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Wednesday, May 31, 2023


by David Chorlton

A scream circumnavigates the world.

Is anybody listening


when the police arrive to sweep away

those for whom the last resort

is blocking traffic


to impress upon their fellow citizens

the planet is on life support

and the drivers only have a mile to go


before the ground opens up

and swallows them.


Does anybody care?


Call it Freedom; say Democracy

until it hurts; write to the highest authority

and the mail comes back 

as undeliverable.  

The future’s not the future


anymore. And yet it is still beautiful

when a day begins with a mountain

spreading its wings


and the sun breaking into song.

David Chorlton lives in Phoenix where he writes and occasionally paints watercolors. While his writing is usually poetry, his newest book is a true life account of a murder story from 1960s Vienna (where he lived for several years) in which one of his cousins was wrongly convicted: The Long White Glove published by New Meridian Arts.

Editor’s Note: Listen to David talk about his new book on the Word podcast (about 10 minutes in) from WJZZ.

Tuesday, May 30, 2023


by Susan Vespoli

with a nod to Catherine Pierce’s protest poems

“Fuck Authority” by Dan Colen, 2006, Oil on found painting

In protest I watch eight cops 
unload from their SUV, then strut
past me, a small granny with teal luggage 
waiting at the airport for a ride. 
In protest I say Beefcake. 
Fitted khaki pants and black polo 
shirts decaled with the word Police. 
Guns strapped to each man’s thigh 
with dark bands. In protest I say garter belts. 
In protest I say (in my head) I know 
what you did to my son. I saw the body 
cam. In protest, I glare. Puffed out chests 
and cocky swagger. In protest I say 
Mr. America patrol. I say rooster 

and remember the one that attacked 
my granddaughter at the peacock park. 
We thought it was a soft striped hen 
with a red mohawk until it high-kicked
its claws into her scalp. Blood spurted 
as she shrieked. In protest I say pull it in, 
dudes. Fold those football-player-sized egos
into cloth napkins at a memorial service. 
In protest I say humble. I say karma. I say
apologize. I want to scream, you don’t scare me, 
but remember my other kid saying, watch out, Mom. 
You’re gonna get yourself in trouble. In protest 
I say fuck Superman. I say fuck cultural authority. 
I bow down to sky, birds, dogs, poems, and peace.

Susan Vespoli lives in Phoenix, Arizona where she continues to write toward finding some sort of justice for her son, Adam Vespoli, who was shot and killed by police on March 12, 2022.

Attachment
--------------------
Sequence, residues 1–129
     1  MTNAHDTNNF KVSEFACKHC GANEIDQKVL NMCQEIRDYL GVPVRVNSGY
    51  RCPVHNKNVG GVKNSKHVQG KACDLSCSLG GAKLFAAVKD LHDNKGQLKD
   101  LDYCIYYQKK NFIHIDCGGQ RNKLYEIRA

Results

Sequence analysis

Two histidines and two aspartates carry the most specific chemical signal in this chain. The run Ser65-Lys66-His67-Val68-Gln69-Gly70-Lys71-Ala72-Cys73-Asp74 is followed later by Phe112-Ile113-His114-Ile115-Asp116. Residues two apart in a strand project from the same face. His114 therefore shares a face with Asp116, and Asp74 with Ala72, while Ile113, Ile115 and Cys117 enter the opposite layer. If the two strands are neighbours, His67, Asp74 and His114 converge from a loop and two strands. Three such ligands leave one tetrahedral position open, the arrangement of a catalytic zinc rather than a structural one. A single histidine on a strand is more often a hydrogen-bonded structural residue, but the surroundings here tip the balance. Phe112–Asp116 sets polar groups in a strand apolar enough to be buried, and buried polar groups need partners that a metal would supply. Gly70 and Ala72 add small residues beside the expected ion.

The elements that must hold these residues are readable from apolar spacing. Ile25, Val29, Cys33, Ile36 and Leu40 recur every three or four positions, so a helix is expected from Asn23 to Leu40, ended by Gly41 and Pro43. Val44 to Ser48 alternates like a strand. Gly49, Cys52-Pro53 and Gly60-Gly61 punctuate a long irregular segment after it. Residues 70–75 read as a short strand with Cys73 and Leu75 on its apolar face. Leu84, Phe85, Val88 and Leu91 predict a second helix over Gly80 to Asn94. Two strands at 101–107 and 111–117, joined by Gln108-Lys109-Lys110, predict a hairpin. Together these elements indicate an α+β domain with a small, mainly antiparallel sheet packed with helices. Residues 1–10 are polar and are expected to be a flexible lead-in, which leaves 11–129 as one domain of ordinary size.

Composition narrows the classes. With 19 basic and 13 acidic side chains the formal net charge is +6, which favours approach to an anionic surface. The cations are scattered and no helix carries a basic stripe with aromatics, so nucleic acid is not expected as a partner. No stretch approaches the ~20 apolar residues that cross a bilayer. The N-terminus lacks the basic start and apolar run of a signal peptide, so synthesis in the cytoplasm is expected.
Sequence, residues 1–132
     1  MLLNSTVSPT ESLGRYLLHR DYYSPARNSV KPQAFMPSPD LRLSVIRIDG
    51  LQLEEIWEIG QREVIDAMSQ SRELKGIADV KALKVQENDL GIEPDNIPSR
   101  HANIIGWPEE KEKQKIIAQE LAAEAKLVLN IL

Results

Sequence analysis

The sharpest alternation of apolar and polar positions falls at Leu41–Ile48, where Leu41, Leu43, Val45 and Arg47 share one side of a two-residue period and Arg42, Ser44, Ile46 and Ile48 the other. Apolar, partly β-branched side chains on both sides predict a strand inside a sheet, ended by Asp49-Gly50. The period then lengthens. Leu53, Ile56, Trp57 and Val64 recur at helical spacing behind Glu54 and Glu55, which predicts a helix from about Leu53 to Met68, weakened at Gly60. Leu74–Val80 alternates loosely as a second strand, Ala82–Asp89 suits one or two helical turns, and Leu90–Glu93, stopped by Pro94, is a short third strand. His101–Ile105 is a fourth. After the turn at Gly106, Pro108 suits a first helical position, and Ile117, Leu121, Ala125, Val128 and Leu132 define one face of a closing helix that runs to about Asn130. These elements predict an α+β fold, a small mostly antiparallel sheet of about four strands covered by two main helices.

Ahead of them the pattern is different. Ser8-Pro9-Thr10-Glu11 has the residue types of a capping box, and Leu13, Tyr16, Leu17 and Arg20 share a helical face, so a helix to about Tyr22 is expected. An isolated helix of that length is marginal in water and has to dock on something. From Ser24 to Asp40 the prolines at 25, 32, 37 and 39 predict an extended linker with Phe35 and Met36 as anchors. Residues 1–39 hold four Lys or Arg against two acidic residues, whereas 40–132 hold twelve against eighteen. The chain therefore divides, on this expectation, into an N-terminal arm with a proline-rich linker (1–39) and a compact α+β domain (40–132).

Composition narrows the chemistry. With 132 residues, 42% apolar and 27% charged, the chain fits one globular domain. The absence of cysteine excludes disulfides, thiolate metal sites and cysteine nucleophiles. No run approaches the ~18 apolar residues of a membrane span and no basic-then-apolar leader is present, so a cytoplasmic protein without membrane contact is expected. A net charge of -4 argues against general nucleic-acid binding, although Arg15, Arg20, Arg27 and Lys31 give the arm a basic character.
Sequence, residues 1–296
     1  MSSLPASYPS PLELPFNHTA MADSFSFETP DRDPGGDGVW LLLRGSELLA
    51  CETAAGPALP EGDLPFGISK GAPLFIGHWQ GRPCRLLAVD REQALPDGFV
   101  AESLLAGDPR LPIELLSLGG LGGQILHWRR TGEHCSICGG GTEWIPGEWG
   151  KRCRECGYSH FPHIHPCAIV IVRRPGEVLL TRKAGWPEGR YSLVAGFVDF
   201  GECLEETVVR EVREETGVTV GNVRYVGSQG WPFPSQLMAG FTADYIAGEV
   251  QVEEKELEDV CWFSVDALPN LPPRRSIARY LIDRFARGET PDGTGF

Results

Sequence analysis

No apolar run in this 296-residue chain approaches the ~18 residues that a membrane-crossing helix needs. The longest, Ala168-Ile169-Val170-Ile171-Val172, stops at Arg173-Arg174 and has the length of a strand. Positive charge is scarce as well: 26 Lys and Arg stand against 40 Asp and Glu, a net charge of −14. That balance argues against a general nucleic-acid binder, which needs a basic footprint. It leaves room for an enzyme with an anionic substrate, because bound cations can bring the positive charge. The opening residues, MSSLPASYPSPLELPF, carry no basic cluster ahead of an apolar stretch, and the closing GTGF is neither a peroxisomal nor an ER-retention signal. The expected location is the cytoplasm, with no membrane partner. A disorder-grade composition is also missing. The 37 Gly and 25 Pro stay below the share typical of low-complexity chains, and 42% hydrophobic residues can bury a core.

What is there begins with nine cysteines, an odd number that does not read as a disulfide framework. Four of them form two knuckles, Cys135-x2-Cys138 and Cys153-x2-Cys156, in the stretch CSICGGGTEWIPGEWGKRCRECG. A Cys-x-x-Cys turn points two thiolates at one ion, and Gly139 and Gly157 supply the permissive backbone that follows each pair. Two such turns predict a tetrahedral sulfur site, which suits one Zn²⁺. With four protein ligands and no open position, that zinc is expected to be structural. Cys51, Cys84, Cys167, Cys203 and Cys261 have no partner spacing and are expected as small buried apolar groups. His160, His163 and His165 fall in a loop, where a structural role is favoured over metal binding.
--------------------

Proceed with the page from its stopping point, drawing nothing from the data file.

Monday, May 29, 2023


by George Salamon

Nette Reed checks on Desi Hurd, 62, near the Human Services Campus in Phoenix, where there are several major shelters, a medical center and respite centers. (Caitlin O’Hara for The Washington Post)

"The lie has become the order of the world.” Josef K. in Franz Kafka's novel The Trial

"More people in the country's biggest cities were becoming homeless, more were living outside instead of in shelters, and a record number of people from LosAngeles to Denver to  New York were dying in premature and preventable ways on the street." —The New York Times, May 13, 2023

“Nearly a quarter of a million people 55 or older are estimated by the government to have been homeless in the United States during at least part of 2019, the most recent reliable federal count available.” —The Washington Post, May 22, 2023

Josef K. uttered the lesson he learned
as he was about to die, the lesson our
homeless have not yet fully grasped:
they, like Josef K., have no right to live
because they are abandoned and weak.

George Salamon thinks most of our politicians are not eager to deal with homelessness (or poverty) because their sponsors would tell them they're wasting their money, while it's OK to throw money to the Military-Industrial Complex because it does its money-wasting for a Strong America.

Sunday, May 28, 2023


by Harold Oberman

AI-generated image

AI ate my sonnet.
Gulped it down / Digested it,
Spit it out in reconstituted iambs.

I want to slip it some clichés,
Gunk up its system with pablum,
Make its metaphors as mediocre as mine.

Oh, don’t taunt me you rhyming clock,
You metronome, you precise pizza.
You took away my love of form,
Translated poetry into pi.

Eat it all my clever friend.

Harold Oberman is a poet and lawyer writing in Charleston, S.C. He has appeared recently in The New Verse News, The Free State Review, An Anthology of Low Country Poets, and has been honored by the Poetry Society of South Carolina for, among other things, a sonnet. However, he has given up on that after a now antiquated version of AI generated the following poem, with minor prodding, in 3 seconds: